BELMOPAN, Belize, Wednesday January 20, 2016 – Following the discovery of the battered body of a vacationing American woman in Belize last week, questions are being raised about the country’s safety as a tourist destination.
Anne Swaney was found in the river near a horse farm in San Jose Succotz where she had been staying, according to a report from ABC7 Chicago, where she worked as executive producer of online operations.
The 39-year-old was found on Friday with lacerations on her neck and head, local police told the station.
Her death has devastated her father who also lost his son two years ago.
Swaney is not the only foreigner in recent years to be murdered in Belize.
Earlier this month, Canadian filmmaker Matthiew Klinck was found stabbed to death in the doorway to his home in Spanish Lookout.
In October 2013, in the remote village of Consejo, Lynn Nichiporowich, a 57-year-old Vancouver native, also died as a result of stab wounds.
And in November 2012, the shooting death in Ambergris Caye of retired American builder Gregory Faull sparked the flight of his neighbour, Scottish-born software guru John McAfee.
“After such horrific, repeated incidents, many travellers are left wondering: Is Belize safe?” wrote Sophie Forbes in Yahoo travel.
Reacting to the latest murder, the country’s tourism minister expressed his condolences for Swaney’s family and, in a statement to Yahoo Travel, noted that violent crime has been decreasing in the country.
“While this is a tragic situation that requires the full attention of the Belize Police Department, violent crime in Belize has seen a double digit reduction in the past year. Over one million people visited Belize last year, and while it is extremely rare for a tourist to fall victim to a violent crime, we will remain committed to the safety and security of all people who visit,” said Manuel Heredia, minister of tourism and civil aviation.
“But now our focus is where it should be: working with police to bring justice to the person who committed the horrible act,” he added.
Belize has the world’s third highest murder rate, with 44.7 murders per 100,000 of the population, according to the United Nations Office on Drugs and Crime. Only Honduras and Venezuela are worse.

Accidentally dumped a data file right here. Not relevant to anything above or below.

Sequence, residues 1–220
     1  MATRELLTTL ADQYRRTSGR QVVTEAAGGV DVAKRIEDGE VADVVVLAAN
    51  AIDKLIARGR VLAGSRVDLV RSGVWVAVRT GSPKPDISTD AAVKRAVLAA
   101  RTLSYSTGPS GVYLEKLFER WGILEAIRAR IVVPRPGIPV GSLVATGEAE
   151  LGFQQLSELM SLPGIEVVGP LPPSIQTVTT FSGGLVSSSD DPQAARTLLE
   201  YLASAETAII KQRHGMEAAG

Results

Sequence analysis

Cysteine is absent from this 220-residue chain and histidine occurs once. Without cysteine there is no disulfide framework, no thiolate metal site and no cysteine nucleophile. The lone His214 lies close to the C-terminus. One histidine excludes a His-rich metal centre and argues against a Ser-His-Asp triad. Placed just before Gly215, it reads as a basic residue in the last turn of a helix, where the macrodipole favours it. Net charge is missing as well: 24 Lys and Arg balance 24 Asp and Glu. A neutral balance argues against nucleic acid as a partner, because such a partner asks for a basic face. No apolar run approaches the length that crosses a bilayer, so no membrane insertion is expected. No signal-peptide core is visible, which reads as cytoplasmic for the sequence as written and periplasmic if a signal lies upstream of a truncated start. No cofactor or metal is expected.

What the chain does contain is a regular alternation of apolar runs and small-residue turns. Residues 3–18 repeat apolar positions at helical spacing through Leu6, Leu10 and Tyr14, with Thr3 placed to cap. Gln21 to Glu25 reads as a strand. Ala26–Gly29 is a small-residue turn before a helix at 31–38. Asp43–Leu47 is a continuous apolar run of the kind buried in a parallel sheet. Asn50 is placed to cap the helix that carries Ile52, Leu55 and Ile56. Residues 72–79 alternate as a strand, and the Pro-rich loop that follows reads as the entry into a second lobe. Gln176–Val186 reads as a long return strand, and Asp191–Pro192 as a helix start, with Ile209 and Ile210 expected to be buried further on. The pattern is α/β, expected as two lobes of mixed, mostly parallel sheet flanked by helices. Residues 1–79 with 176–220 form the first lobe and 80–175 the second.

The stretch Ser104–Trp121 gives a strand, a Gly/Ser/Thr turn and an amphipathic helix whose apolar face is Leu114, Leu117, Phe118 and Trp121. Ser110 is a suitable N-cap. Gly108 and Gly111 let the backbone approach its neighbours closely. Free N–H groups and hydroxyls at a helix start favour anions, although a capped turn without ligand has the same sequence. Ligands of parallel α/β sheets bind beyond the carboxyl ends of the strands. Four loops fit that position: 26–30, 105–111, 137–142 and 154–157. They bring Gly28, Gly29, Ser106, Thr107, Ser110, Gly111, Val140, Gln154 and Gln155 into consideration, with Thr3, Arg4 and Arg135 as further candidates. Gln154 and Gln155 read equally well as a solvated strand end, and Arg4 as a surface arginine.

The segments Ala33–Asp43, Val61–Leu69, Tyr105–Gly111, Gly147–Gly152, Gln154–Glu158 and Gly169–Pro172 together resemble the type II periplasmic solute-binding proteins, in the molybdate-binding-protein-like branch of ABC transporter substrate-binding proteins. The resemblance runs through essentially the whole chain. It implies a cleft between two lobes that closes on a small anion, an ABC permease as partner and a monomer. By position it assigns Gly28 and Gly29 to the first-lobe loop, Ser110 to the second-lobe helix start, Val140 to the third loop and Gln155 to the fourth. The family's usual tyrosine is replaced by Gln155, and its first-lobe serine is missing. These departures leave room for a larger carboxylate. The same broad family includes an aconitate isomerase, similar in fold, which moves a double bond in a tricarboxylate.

Putting this into context, Yahoo Travel pointed out that the US city of Detroit has a rate of 43.5 and New Orleans’s rate is 38.7, suggesting that American visitors are little more at risk in Belize than they would be in some of their own cities.
But Belize also has an incredibly high crime rate, with burglaries and theft comprising the majority of the offenses, according to the Overseas Security Advisory Council (OSAC).
“Corruption, human smuggling/trafficking, the drug trade, money laundering, and organized gang activity remain significant problems,” OSAC stated in its most recent 2015 Crime and Safety Report on Belize.
Yahoo reports that the highest rate of murders in the country occurs within the Belize District, which includes Belize City, and is largely related to the high number of street gangs operating in the area.
The US State Department advises visitors to “avoid areas of the south side of Belize City where numerous gangs are known to operate,” and exercise caution when traveling along remote areas of the Belize border.
Crime levels nevertheless remain low in the more tourist-driven areas and attractions, such as the Mayan ruins and resort areas along the coastline.
Tourism is a vital part of the Belizean economy, accounting for 14 per cent of all jobs and 23 per cent of GDP for the country, and hundreds of thousands of visitors travel to the country each year, most without incident.
To protect tourists, the Belizean government established a “tourism police” in addition to its regular force, which is tasked with patrolling and overseeing specific locations and attractions.
As with anywhere else, there is still the risk of falling victim to crime, however.
To minimise the risk, the US State Department encourages visitors “to exercise caution and good situational awareness in all their travel activities.
“Visitors should travel in groups and only during daylight hours. Avoid wearing jewellery or carrying valuable or expensive items,” the State Department cautions.
It also suggests traveling in groups and remaining only in the main plazas when visiting Belize’s Mayan ruins.